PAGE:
Self-driving cars: the law is changing

Whether autonomous, driverless or semi-autonomous, connected cars were at the heart of the Paris Motor Show. Technology is advancing in leaps and bounds and by 2025 one in three vehicles on the roads will be self-driving. Legislation will have adapt to this ongoing revolution.


A first step was taken in Europe on 23 March 2016 with the revision of the Vienna Convention which up till now has stipulated that the driver should always be in control of the vehicle. The United Nations Economic Commission for Europe has officially authorised vehicles with delegated driving systems to be driven on the roads of member countries, provided there is always a driver in the vehicle and that the driving systems can be controlled or even disabled.


The second step will now be to determine who is liable in the event of an accident. The driverless car is held to be a safer means of driving. However, the first accidents have taken place recently with bodily injuries (death of a driver in Florida in 2016) and property damage.



Driver, embedded software, manufacturer: who is to blame for an accident?


In the case of semi-autonomous vehicles, the driver remains liable. Nevertheless, the question is left on the table for vehicles that self-park without driver involvement, for autonomous vehicles where the system does the driving and the driver just supervises, or for totally autonomous vehicles.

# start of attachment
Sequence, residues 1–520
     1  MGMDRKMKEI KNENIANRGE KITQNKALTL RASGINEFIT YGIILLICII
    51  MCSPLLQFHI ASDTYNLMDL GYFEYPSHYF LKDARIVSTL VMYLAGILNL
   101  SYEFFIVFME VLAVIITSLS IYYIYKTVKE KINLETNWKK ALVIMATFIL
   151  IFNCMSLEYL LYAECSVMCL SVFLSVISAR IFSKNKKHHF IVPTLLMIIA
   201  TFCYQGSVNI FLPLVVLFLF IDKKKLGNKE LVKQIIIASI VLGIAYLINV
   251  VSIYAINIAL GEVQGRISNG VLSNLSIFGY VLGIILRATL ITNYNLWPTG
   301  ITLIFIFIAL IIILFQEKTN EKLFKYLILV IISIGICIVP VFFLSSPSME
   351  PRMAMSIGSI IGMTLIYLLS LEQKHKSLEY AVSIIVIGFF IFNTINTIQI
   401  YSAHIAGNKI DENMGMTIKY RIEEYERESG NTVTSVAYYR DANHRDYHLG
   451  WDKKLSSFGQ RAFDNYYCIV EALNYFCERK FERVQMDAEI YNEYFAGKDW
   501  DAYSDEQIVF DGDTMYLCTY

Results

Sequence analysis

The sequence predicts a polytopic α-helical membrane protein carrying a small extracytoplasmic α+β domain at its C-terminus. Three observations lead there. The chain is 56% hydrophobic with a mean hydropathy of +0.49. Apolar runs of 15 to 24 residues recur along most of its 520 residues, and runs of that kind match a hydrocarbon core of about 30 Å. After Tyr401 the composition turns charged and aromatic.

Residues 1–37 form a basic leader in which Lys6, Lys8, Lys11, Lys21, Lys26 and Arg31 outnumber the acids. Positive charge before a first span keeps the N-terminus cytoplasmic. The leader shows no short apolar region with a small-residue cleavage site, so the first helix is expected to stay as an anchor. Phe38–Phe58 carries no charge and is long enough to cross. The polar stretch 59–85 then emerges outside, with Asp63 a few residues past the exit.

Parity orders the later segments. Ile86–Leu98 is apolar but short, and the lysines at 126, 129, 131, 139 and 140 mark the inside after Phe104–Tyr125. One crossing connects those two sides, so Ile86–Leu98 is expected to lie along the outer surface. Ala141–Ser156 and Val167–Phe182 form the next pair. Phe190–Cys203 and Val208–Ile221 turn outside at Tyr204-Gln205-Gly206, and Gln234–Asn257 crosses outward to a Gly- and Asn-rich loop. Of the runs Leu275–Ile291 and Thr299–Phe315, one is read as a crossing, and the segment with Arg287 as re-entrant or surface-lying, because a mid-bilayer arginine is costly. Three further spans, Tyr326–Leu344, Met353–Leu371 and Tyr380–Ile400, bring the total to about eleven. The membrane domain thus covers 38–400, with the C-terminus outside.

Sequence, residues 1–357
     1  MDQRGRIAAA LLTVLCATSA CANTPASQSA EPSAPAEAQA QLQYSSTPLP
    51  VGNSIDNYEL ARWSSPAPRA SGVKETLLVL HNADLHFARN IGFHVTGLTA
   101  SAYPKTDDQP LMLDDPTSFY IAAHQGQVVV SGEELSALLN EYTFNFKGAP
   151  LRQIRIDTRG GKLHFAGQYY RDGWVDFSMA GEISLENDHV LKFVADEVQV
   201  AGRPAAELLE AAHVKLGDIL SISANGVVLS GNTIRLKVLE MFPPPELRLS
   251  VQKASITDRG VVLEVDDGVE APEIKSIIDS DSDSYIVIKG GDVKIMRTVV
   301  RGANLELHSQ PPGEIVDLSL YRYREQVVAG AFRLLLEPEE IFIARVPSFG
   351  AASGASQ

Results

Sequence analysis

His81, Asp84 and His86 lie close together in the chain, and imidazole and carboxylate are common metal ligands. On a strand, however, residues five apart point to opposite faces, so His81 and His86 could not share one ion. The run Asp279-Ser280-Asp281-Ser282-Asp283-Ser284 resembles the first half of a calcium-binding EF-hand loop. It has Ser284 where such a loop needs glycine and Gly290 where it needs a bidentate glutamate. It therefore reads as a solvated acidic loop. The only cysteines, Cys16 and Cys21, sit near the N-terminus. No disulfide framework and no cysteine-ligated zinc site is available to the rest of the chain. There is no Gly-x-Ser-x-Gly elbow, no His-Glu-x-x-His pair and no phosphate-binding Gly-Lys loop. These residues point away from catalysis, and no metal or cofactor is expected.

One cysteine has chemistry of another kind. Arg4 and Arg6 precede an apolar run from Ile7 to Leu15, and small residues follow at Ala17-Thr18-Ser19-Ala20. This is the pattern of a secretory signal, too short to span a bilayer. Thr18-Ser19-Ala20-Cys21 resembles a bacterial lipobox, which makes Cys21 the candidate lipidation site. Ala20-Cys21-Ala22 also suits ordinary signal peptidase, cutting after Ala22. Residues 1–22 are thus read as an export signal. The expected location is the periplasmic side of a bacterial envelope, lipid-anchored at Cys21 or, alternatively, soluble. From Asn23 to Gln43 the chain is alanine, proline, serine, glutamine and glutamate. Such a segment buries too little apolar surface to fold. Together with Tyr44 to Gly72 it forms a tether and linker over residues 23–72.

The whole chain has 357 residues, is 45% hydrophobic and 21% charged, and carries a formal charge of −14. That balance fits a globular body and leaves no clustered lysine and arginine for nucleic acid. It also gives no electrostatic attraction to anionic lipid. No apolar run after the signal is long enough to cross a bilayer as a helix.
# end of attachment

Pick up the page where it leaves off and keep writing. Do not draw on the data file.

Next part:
To date, the tendency has been to hold the manufacturer liable so that the victim can be compensated quasi-automatically. It is up to the liable party to prove the causes of the accident: faulty sensor, a mechanical problem or a bug in the algorithm, and to exercise recourse. Some manufacturers such as Volvo or Mercedes have already stated that they would be willing to take legal responsibility in the event of an accident caused by one of their autonomous cars.


– Others maintain that, as the origin of the accident is in most cases the algorithm, it is the creator of the autonomy software who should be held liable. In the United States, the National Highway Traffic Authority has just indicated to Google that its software would be held responsible in the event of an accident involving an autonomous vehicle.



In the UK, the government has ruled that motor insurance should be extended to include products liability. In the event of an accident, victims would be systematically compensated by the driver’s insurer, with possible recourse against the manufacturer by the insurer.


In order to help determine liability, black boxes identical to those in aircraft, would be fitted to vehicles. All such data would belong to the manufacturer in the event of an accident. It remains to be determined to what extent this data may be used and communicated, for example to insurers, whilst respecting individual freedoms, in particular.


At a time when France has just issued an order (no. 2016- 1057 of 3 August 2016) authorising the circulation for experimental purposes of a vehicle with partially or totally delegated driving on the public roads (subject to authorisation by the Minister for transport), this question of liability in the event of an accident will become central.


The issue of accountability for criminal offences will also arise. Will we need to continue to consider the driver criminally liable for offences committed by a vehicle over which he/she does not have any control?